With gray skies and gray economic news, one could feel a bit dismal about 2012 and the prospects for a brighter world. Design with the Other 90%, an exhibit at UN Headquarters in New York City dispels that grayness.
It’s a display that tells the stories of “informal settlements” — commonly known as slums or squatter settlements — in which residents have joined together to solve infrastructure and quality-of-life problems. We’re talking big problems: lack of the basics such as clean water, toilets, safe housing, and waste disposal.
The solutions make you shake your head in amazement: garbage into building materials, bicycle parts into water pumps, locally grown materials into insulation … all while creating jobs within the community and using resources within the slum. Who knew the possibilities of cow dung, garbage, sewage sludge, bamboo, and plastic wash basins?
Add to that the byproducts — savings groups to pool resources, micro-loans, new small businesses, jobs within the slum — and you have an open-ended upward spiral.
Creativity: That’s inspiring. But even more inspiring is the collaboration and self-empowerment the projects represent. Teamwork, organizing, standing up for what they want and need: This goes far beyond fixing tangible problems. This is a socio-economic-political system that addresses intangibles, such as respect for the intelligence, strength, and spirit of the slum-dwellers as well as reinforcing the power that comes from working together.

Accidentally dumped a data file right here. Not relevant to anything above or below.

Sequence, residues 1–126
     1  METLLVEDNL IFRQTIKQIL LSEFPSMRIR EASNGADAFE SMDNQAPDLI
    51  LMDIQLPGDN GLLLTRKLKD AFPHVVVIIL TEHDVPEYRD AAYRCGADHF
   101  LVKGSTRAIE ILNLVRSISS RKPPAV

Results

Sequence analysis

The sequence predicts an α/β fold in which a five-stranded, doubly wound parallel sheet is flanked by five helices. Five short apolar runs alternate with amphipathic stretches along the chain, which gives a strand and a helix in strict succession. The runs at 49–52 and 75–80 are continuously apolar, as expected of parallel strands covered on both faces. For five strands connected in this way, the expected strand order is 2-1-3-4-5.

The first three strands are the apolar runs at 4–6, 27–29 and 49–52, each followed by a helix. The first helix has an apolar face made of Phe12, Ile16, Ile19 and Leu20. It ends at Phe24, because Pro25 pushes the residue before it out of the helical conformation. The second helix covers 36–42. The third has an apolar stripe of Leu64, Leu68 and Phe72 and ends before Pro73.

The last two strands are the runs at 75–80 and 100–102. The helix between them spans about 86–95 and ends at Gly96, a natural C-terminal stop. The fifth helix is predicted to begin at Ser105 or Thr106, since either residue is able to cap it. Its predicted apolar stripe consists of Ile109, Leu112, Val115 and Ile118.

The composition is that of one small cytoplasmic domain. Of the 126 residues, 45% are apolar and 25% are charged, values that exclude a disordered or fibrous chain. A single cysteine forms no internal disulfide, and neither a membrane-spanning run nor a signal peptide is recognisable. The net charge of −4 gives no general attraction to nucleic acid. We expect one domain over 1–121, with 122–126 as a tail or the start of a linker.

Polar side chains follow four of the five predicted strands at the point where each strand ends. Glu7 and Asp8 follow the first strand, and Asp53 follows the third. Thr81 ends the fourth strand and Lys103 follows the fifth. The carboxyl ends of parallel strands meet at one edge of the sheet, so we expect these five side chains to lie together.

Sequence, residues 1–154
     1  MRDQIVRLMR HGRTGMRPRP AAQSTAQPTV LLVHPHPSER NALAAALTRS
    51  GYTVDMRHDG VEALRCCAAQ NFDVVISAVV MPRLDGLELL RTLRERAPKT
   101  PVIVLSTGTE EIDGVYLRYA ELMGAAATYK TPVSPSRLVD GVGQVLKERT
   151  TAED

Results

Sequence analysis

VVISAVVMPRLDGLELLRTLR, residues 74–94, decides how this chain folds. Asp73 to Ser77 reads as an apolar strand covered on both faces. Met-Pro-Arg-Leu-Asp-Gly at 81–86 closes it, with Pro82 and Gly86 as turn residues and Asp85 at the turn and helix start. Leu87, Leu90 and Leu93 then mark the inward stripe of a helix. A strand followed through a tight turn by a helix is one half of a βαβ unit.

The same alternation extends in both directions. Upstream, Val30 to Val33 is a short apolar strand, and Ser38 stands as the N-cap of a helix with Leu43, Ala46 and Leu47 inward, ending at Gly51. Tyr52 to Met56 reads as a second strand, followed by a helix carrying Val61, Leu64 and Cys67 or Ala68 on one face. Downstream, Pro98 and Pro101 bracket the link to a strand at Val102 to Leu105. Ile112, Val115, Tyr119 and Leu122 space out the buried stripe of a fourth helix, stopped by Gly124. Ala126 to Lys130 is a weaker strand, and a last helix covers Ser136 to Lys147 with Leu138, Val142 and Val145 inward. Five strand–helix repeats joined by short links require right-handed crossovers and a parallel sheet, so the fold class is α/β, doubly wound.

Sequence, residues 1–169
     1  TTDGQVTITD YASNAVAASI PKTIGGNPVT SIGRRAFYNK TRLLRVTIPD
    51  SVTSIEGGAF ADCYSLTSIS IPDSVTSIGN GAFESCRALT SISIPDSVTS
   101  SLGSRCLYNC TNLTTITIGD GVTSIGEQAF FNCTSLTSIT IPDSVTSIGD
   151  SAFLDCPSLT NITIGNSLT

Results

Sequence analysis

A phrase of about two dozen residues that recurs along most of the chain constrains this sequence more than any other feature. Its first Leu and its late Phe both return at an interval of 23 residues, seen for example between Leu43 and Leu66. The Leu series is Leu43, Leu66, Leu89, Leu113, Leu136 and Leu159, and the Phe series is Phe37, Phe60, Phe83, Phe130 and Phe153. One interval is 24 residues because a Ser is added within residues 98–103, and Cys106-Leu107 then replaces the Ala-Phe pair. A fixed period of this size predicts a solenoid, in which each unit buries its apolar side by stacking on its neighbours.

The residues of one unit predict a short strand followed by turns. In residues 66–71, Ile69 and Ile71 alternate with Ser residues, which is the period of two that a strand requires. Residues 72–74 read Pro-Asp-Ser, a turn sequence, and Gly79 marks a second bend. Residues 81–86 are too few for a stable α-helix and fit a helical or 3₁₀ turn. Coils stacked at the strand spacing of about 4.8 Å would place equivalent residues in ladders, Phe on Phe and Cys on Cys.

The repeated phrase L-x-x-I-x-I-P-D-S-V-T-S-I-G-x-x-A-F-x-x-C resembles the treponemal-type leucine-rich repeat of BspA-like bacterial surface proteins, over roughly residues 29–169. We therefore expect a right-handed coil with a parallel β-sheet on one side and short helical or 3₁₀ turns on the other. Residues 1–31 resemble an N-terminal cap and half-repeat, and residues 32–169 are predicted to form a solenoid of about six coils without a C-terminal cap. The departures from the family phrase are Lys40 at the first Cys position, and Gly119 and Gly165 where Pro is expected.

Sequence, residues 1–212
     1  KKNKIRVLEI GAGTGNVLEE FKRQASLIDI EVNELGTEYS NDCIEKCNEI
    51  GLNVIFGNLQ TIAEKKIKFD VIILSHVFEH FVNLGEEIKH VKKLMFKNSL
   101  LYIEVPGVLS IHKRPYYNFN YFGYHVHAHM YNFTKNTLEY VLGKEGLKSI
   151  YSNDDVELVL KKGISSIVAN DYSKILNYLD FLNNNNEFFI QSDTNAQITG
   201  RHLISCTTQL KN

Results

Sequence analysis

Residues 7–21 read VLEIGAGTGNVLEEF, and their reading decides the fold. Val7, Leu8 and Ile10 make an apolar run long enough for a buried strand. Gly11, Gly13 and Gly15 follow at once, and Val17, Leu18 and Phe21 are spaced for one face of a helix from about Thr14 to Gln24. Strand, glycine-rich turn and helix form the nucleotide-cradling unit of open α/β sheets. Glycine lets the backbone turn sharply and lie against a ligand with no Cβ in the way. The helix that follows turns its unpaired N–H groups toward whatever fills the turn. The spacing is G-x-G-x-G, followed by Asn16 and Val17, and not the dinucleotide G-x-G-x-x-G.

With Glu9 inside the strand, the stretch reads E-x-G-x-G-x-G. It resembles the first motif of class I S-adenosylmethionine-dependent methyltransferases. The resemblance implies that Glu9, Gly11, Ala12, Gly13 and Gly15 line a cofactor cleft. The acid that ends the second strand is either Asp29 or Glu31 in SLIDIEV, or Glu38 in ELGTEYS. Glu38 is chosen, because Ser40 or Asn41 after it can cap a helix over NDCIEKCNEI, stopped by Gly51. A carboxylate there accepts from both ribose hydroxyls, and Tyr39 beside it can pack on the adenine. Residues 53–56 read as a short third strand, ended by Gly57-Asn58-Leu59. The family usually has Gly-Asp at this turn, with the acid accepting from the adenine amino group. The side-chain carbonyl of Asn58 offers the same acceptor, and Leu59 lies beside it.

And the slum-dwellers are building on it. They’ve formed Shack/Slum Dwellers International, a network of organizations put together by the urban poor. They exchange ideas about assessing problems, negotiating with political organizations, and finding partners to move projects forward.
Which brings us to the other inspiring aspect of the exhibit: the number of social enterprises and nonprofits who work with the urban poor to create products, services, and communities. The keyword here — as in the title of the exhibit — is “with.” Rather than impose solutions, these organizations tap the experience and intelligence of the slum-dwellers themselves to come up with solutions that maintain critical social networks, are affordable and realistic, and strengthen communities.
Creativity, collaboration, empowerment, social responsibility: Now that’s a bright outlook for 2012.
What inspires hope for you in 2012?
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